The story mostly takes place over one day, when the young men of Bravo company are being feted at a Thanksgiving Day Dallas Cowboys game, the last leg of a victory tour ginned up after a bloody battle with Iraqi insurgents was filmed by an embedded Fox News camera crew and subsequently went viral. Under the banner of star-spangled pride, 19-year-old specialist Billy Lynn and his seven surviving comrades have been carted from airport to airport, from civic center to stadium to shopping mall. Every day they’re made to recite their tale of valor and hear the responses of ordinary citizens, presented by Fountain as phonetic pablum scattered, confetti-like, across the page:






                        nina leven,

                                    nina leven,

                                                nina leven



With each encounter, each too-eager expression of thanks for his service or recitation of the habitual questions (“Are we making a difference over there?”), Billy finds “something harsh in his fellow Americans, avid, ecstatic, a burning that comes of the deepest need.” There is a sense of collective delusion, of nothing trickling down to the masses but talking points designed to obfuscate the war’s brutal truth: that it is bloody and not worth fighting. “Billy suspects his fellow Americans secretly know better, but something in the land is stuck on teenage drama, on extravagant theatrics of ravaged innocence and soothing mud wallows of self-justifying pity.”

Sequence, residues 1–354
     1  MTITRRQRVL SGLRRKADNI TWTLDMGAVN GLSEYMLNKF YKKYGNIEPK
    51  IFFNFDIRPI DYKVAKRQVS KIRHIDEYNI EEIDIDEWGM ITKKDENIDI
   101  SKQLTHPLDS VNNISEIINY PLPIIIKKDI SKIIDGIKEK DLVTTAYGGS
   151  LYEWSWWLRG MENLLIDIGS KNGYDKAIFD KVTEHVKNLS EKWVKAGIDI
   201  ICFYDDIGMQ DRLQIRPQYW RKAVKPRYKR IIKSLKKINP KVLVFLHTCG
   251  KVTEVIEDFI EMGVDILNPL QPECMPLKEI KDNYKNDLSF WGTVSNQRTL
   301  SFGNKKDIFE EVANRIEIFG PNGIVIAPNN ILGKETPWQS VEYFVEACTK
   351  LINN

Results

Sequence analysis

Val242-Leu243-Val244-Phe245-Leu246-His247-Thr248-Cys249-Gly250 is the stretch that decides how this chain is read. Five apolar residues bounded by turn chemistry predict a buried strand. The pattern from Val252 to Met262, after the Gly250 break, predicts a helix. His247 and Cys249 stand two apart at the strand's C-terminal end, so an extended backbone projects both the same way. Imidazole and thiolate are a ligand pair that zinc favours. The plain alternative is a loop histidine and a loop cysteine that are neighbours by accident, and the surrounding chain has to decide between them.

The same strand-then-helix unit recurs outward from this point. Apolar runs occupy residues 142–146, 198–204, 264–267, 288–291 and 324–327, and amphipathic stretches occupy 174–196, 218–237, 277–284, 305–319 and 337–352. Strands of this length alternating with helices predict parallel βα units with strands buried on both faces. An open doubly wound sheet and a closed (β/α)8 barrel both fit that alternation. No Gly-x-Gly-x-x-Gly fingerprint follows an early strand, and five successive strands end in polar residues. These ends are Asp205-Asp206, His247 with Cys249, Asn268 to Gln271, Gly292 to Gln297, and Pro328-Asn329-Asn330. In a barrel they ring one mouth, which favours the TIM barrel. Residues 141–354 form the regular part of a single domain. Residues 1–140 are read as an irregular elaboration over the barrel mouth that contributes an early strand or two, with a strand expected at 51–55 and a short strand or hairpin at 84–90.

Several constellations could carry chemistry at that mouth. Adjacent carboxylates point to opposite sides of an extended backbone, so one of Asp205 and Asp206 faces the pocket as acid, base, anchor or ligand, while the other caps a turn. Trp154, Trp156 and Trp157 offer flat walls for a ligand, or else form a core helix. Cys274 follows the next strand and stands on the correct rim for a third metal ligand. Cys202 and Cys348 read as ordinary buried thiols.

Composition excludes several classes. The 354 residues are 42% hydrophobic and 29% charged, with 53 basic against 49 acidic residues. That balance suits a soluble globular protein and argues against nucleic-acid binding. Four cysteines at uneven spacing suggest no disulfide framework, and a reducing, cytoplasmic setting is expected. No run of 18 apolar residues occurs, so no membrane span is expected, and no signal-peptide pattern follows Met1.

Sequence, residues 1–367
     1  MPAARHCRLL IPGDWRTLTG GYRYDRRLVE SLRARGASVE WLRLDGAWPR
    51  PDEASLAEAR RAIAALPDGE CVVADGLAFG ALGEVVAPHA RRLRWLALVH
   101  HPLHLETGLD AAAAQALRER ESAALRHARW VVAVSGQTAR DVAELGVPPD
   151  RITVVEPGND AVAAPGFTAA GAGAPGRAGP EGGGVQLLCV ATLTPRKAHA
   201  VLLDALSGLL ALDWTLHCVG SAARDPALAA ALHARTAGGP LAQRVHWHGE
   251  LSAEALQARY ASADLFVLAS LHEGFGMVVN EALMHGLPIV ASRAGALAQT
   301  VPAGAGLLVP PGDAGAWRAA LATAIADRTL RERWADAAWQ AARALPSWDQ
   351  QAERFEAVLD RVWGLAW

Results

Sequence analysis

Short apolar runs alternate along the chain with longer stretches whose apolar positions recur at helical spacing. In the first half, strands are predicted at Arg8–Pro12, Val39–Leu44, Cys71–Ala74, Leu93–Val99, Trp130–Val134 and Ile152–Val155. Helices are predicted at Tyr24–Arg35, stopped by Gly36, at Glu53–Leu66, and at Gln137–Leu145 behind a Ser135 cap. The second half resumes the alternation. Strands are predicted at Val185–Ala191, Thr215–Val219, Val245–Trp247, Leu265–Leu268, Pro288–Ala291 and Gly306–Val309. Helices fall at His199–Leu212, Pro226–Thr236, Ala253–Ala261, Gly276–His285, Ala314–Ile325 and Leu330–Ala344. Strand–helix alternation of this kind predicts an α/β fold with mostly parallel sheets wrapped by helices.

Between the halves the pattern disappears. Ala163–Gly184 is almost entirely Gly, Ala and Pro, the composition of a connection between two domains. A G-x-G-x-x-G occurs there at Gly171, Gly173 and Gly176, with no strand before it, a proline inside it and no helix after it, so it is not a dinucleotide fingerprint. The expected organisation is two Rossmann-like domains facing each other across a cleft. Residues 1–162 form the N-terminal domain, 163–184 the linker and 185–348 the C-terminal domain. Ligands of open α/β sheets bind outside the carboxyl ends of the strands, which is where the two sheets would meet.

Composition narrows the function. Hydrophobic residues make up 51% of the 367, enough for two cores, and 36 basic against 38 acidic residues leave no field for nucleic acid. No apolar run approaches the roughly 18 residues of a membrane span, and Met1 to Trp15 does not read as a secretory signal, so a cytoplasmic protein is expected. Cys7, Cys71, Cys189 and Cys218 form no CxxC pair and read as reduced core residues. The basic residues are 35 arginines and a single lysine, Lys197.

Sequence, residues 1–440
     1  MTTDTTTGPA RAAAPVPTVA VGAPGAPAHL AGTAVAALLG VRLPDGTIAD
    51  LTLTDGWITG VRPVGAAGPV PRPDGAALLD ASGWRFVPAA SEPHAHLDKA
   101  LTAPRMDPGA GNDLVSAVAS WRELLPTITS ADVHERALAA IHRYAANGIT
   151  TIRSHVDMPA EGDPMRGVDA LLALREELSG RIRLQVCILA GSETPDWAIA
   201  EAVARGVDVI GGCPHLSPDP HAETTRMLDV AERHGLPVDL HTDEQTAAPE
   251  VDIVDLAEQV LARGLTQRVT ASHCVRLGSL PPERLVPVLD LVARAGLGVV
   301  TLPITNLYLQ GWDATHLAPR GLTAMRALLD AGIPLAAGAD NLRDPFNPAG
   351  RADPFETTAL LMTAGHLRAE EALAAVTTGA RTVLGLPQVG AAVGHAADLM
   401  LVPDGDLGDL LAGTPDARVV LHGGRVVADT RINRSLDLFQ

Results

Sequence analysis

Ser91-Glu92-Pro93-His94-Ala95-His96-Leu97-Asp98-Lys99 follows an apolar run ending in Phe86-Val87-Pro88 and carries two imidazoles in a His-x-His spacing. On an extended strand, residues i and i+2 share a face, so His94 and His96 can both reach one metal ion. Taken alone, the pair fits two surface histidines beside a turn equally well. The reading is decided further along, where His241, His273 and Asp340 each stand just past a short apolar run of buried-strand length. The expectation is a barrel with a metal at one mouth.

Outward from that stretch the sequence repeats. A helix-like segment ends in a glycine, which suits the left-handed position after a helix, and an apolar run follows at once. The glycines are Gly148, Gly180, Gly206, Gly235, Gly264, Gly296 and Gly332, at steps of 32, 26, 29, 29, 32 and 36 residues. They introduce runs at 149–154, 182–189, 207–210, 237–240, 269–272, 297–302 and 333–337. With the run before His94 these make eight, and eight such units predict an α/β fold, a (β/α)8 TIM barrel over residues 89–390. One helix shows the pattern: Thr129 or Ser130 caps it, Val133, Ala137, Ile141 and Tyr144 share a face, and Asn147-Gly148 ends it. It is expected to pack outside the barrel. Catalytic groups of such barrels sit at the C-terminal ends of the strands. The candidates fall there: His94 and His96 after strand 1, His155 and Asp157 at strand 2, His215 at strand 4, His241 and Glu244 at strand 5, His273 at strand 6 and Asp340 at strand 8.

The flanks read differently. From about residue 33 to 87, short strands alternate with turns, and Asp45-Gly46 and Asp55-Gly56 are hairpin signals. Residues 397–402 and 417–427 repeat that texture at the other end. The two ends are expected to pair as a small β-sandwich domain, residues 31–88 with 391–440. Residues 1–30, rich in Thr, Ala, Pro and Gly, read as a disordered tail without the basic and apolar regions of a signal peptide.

Author of The Yellow Birds, Kevin Powers.
Author of The Yellow Birds, Kevin Powers

Courtesy of Marjorie Cotera.

Pvt. John Bartle, the 21-year-old Iraq veteran at the center of The Yellow Birds, faces a similar disconnect. Each interaction with a civilian unleashes his reserves of anger and self-loathing. “I don’t deserve anyone’s gratitude,” he tells himself, “and really they should all hate me for what I’ve done but everyone loves me for it and it’s driving me crazy.” The novel alternates between scenes in Iraq and Bartle’s steady postwar disintegration. “Everyone wants to slap you on the back and you start to want to burn the whole goddamn country down, you want to burn every goddamn yellow ribbon in sight, and you can’t explain it but it’s just like, Fuck you.”